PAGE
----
July 21, 2017
Last summer we offered our summer-reading picks in the SFCV Beach Blanket Bibliography, and we followed that in February with Book It! Great Reads in Music, 2016. Those articles sparked a lot of discussion and many suggestions from our readers and contributors, and we’ve included many of their recommendations in our new raft of music-oriented books for your beach bag. Some are hot off the press, others are old favorites. All are guaranteed to provide hours of pleasure in your hammock, on your beach blanket, or in your favorite living-room chair.
New and Noteworthy
Toscanini: Musician of Conscience
Liveright Publishing, 2017
It’s hard to imagine any symphonic conductor today competing for headlines, but not all that long ago Arturo Toscanini was among the most famous people in the world — a staple of newspaper coverage everywhere. Beyond his fame and incomparable music influence is a great story of a rich, complex, often-turbulent life. Harvey Sachs wrote a biography of Toscanini nearly 40 years ago, but his new, vastly expanded tome embraces much more information and insight gleaned from relatives and associates. James Levine writes, “No other musician had as great an impact as Arturo Toscanini on the performance of opera and symphonic music in the twentieth century. With tremendous passion and stubbornness―and thanks to his extraordinary talents―he reshaped our ideas about what a conductor’s goals should be and how to achieve them.”
The Exile’s Song: Edmond Dédé and the Unfinished Revolutions of the Atlantic World
Yale University Press, 2017
As SFCV has been pointing out in numerous recent articles, there is a large and largely unknown history of African-American contributions to classical music. Sally McKee’s new biography of Edmond Dédé, a free black composer from New Orleans who emigrated to Paris in 1855, fills in some more of the story. McKee explores how Dédé, raised in the biggest slave market in the United States was able to shed that legacy, go on to train with several of France’s most prominent classical musicians, and eventually take leadership of some of Bordeaux’s most popular orchestras over the next 36 years. During that time he composed ballets for one of the best theaters outside of Paris and gained recognition as a popular orchestra leader.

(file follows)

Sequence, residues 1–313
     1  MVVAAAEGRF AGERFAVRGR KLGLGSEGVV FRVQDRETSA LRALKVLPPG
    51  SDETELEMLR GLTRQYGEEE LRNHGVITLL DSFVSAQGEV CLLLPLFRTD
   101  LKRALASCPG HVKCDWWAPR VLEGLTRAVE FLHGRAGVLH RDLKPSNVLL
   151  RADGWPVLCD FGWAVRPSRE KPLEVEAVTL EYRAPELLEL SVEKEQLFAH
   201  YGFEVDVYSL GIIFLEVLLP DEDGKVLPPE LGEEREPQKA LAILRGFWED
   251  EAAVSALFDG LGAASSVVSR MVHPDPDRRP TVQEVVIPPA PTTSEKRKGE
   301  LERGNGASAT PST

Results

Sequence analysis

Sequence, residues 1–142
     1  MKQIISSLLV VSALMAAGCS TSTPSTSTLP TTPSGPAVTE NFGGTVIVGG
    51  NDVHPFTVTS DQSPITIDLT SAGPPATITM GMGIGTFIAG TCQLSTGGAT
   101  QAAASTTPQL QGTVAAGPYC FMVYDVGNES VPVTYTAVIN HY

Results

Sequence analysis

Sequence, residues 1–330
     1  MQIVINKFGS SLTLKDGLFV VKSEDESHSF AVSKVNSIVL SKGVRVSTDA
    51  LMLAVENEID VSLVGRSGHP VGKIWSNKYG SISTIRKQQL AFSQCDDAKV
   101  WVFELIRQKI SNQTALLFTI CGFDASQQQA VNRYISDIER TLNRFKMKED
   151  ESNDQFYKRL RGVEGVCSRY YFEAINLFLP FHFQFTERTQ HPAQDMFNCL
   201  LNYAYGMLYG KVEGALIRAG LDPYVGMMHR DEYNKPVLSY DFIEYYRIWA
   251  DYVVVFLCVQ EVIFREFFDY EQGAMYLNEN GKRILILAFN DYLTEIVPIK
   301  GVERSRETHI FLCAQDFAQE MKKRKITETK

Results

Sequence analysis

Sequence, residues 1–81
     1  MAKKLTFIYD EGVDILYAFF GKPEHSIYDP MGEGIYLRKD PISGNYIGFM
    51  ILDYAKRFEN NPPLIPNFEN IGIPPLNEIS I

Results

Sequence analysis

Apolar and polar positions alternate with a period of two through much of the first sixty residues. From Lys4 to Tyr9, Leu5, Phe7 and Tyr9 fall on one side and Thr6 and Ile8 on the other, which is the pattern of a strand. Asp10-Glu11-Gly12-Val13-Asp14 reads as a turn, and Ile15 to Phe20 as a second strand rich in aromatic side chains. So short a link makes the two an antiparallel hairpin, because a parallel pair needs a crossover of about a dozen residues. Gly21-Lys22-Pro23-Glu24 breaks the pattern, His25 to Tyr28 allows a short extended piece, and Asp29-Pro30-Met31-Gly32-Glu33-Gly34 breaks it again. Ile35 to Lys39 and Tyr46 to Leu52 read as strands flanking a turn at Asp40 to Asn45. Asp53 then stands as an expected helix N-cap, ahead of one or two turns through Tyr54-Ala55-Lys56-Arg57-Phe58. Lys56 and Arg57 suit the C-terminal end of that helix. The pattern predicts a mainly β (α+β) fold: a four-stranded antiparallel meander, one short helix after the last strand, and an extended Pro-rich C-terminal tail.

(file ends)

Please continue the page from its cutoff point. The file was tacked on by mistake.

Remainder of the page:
The Rest Is Noise: Listening to the Twentieth Century
Alex Ross, music critic for The New Yorker, offers a comprehensive overview of — and insight into — the kaleidoscopic realm of 20th-century music, beginning with Mahler and Strauss and continuing in a roughly chronological progression through to Glass and Reich at century’s end. Along the way he examines the influence of jazz and popular music, political turmoil, cultural upheaval, and avant-garde impulses on the composers wrestling with “classical music” in the modern era. The book earned a boatload of awards and was on countless top-10 lists. Alan Rusbridger of The Guardian wrote, “Just occasionally someone writes a book you've waited your life to read. Alex Ross's enthralling history of 20th-century music is, for me, one of those books.”
Schubert’s Winter Journey: Anatomy of an Obsession
Penguin/Random House, 2015
Musician and SFCV reader Tom Devine recommended this book, describing it at “a brilliant work of historical, linguistic, literary, and musical interpretation by one of our finest singers [tenor Ian Bostridge], who has performed Winterreise over 100 times in concert halls all over the world.” The somber themes of Schubert’s masterpiece may suggest darkest winter, but this is a book for all seasons. The Wall Street Journal calls it “an unusual and compelling book: Omnivorous and digressive, it captures the enduring mystery of this seminal work in the lieder tradition. Readers who love Winterreise will find the book a rare treat, and those who do not yet know the piece have here a fine companion as they listen ... Mr. Bostridge’s mastery of the music and the text is evident throughout.”
Novels for All Seasons
New York Review Books Classics
SFCV’s own Lisa Hirsch had lots of ideas for great summer reads, and first on her list was an opera-lover’s delight she calls a cult classic. Hirsch writes, “The story covers the career of the title character (pronounced ‘Mardew Gorgeous’), a singer of phenomenal range and emotive power who is sort of a cross between the five greatest singers you can think of and Maria Callas. (Note the initials.) It is a roman a clef and it’s a novel about opera fans in which it is important to keep in mind that fan comes from ‘fanatic.’” The New York Times wrote, "A gloriously flamboyant debut. Take it in spoonfuls and you’ll find passages to fall in love with. Sooner or later, you may even find yourself reading them aloud to your friends."
A Mixture of Frailties
Penguin Canada, 1980